Whither Osama?

A lot of thoughtful, or perhaps only mostly thoughtful, people turn the discussion of the latest Osama bin Laden tape into an indictment of the impotence of the American military or allude to a possible conspiracy involving either the capture of bin Laden or allowing bin Laden to remain free to serve as a boogie man to justify the overreach of a warmongering neoconservative president. Why can’t the greatest military on the planet find one man?

I have two words to rebut any conspiracy theory: Eric Robert Rudolph.

For those of you who don’t remember, Eric Robert Rudolph is the fellow who bombed the Atlanta Olympics in 1996. Law enforcement identified Eric Robert Rudolph as a suspect in an Alabama abortion clinic bombing on February 14, 1998. Rudolph went on the run and hid out on the fringes of a mountain town in North Carolina and was finally arrested on May 31, 2003.

Let’s dwell on that for a moment: From the time Rudolph was named as a suspect and the search began in earnest, 5 years, 3 months, and 17 days passed. The FBI was conducting its manhunts through the woods and mountains of North Carolina and the southeast, using local guides and local law enforcement when possible, to comb and canvas the area with vigor. An area within the boundaries of the United States, peopled with Americans.

The United States invaded Afghanistan in October 2001, at which point Osama bin Laden beat his retreat to Pakistan or wherever. Between then and now, 4 years and 3 months have elapsed, and the American military has not found him. For those paying any attention and trying to gain any perspective, bin Laden is rumored to be hiding on Pakistani soil. That is, he is not on ground controlled by American soldiers; indeed, the remote region where he’s supposed to be hiding (or have hidden until his death) is populated with people who don’t like Americans and wouldn’t help if they could (some, though, would say the same about Murphy, North Carolina, but it’s futile to try to talk with someone likes equate Christian fundamentalists with tribal Muslims in Pakistan).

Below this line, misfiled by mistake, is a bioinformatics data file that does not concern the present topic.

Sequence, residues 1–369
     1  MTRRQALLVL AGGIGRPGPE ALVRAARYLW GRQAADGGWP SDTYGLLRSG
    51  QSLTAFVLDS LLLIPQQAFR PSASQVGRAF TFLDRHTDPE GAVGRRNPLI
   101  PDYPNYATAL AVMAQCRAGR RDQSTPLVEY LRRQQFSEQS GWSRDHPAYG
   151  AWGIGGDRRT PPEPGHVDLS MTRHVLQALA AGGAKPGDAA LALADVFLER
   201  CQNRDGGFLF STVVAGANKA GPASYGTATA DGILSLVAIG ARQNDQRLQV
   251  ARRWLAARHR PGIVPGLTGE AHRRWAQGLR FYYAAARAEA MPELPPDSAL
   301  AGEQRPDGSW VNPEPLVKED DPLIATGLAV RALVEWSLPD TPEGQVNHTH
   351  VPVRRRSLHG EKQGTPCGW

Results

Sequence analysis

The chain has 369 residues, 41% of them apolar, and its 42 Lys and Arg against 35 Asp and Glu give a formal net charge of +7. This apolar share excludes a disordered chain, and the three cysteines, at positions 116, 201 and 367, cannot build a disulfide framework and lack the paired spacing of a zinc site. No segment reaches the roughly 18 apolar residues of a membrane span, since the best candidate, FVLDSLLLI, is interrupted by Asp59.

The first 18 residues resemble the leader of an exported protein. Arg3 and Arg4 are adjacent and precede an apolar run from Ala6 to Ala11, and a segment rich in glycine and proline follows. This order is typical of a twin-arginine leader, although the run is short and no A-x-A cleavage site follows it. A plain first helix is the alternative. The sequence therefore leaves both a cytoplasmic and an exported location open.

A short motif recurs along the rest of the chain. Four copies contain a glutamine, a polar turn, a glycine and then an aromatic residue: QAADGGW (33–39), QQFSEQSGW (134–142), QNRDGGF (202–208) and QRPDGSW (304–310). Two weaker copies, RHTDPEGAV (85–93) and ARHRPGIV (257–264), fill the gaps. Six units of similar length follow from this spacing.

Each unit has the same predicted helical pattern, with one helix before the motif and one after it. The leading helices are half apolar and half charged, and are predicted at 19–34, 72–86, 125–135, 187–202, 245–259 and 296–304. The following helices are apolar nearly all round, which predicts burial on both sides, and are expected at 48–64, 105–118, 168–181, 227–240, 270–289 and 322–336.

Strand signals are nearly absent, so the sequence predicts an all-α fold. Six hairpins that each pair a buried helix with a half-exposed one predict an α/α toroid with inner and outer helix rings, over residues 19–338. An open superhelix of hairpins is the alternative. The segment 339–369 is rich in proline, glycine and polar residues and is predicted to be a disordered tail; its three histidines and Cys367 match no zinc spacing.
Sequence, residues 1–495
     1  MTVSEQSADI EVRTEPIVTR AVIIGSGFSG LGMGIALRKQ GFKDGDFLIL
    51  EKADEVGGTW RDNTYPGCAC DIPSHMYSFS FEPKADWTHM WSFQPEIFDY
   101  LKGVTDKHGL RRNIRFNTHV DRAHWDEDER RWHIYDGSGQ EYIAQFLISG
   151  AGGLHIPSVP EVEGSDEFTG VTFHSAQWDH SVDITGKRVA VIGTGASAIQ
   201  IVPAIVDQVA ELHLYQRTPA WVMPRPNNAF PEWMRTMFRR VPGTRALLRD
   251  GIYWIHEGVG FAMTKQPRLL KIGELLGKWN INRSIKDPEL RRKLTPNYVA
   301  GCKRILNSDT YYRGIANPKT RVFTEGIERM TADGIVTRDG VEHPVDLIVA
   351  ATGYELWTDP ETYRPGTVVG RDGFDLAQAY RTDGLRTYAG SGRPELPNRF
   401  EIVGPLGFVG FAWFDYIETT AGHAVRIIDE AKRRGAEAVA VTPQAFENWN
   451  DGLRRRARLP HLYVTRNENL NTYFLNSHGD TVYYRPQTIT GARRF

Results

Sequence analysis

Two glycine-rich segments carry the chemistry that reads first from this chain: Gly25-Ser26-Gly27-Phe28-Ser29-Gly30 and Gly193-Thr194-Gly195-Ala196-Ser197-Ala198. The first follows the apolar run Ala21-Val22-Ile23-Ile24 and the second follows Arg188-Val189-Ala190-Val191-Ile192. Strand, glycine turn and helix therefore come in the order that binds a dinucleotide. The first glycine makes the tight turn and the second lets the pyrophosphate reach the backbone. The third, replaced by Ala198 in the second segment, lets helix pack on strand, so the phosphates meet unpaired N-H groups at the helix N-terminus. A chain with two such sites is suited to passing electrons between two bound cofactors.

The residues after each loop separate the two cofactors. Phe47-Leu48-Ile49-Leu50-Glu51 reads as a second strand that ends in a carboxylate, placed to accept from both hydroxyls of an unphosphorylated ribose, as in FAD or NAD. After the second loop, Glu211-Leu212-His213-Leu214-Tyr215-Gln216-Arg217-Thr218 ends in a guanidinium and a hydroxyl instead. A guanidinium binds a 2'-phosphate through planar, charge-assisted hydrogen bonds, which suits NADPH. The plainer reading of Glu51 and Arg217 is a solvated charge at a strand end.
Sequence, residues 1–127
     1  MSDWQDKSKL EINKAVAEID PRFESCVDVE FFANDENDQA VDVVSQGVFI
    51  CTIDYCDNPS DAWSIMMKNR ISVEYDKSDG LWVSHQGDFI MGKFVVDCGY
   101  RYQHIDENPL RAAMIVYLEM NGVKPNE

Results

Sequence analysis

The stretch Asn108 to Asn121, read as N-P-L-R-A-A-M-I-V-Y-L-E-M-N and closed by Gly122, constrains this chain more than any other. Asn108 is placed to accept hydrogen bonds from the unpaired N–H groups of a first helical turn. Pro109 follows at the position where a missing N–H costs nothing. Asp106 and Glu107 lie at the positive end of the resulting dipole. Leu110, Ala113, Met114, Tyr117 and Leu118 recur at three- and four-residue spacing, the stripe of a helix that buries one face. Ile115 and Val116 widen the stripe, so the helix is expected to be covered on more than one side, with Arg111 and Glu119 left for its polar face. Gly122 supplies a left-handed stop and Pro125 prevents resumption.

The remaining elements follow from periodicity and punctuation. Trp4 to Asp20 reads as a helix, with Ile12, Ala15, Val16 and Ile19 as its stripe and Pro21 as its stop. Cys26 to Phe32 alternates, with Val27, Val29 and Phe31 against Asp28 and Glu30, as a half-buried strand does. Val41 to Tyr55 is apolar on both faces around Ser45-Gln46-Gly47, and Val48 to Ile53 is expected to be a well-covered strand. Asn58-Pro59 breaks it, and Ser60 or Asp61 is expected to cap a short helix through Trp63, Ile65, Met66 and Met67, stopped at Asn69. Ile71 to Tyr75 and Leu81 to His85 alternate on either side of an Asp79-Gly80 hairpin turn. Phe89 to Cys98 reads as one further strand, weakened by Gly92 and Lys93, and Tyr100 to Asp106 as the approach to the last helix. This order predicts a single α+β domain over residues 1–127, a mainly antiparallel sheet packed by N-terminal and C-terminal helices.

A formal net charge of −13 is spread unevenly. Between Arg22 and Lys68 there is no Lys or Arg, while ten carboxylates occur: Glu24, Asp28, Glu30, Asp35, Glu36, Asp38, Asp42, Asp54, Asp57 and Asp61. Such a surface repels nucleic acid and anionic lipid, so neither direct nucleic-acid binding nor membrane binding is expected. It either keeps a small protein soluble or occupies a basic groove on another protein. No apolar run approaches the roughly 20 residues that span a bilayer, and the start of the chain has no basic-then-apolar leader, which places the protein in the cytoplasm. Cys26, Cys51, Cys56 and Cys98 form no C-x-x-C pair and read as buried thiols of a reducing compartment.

The American military, and American law enforcement, are not omnipotent, no matter how loud the civil libertarians shriek about any advance in data-gathering or surveillance technology. Unfortunately, the American psyche believes them to be so. I think of it as the Star Trek effect: When we’re confronted with fictional representations (like 24 or Tom Clancy) of the military’s climactic successes, we tend to adjust our expectations to meet them. (I call it the Star Trek effect because science fiction has sometimes lulled us into not remembering how dangerous space flight really is currently.) If the military cannot pull bin Laden out of a cave after 42 minutes of prime time television, it’s failing….or it’s a cliffhanger leading to a suspenseful twist about the mole in the agency at the highest levels who is thwarting the effort or is misleading the American people.

We’re not so far from the world where Nazi fugitives hid for decades at the edges of the civilized world, and we’re not far at all from a world where a lone bomber in America can hide in the woods overlooking town for half a decade before a lucky break lands him in jail. Wherever Osama bin Laden is, if he’s alive, he’s still on the run, and if the American military and world law enforcement remains vigilant, we’ll catch him eating out of a Save-a-Lot dumpster sooner or later.

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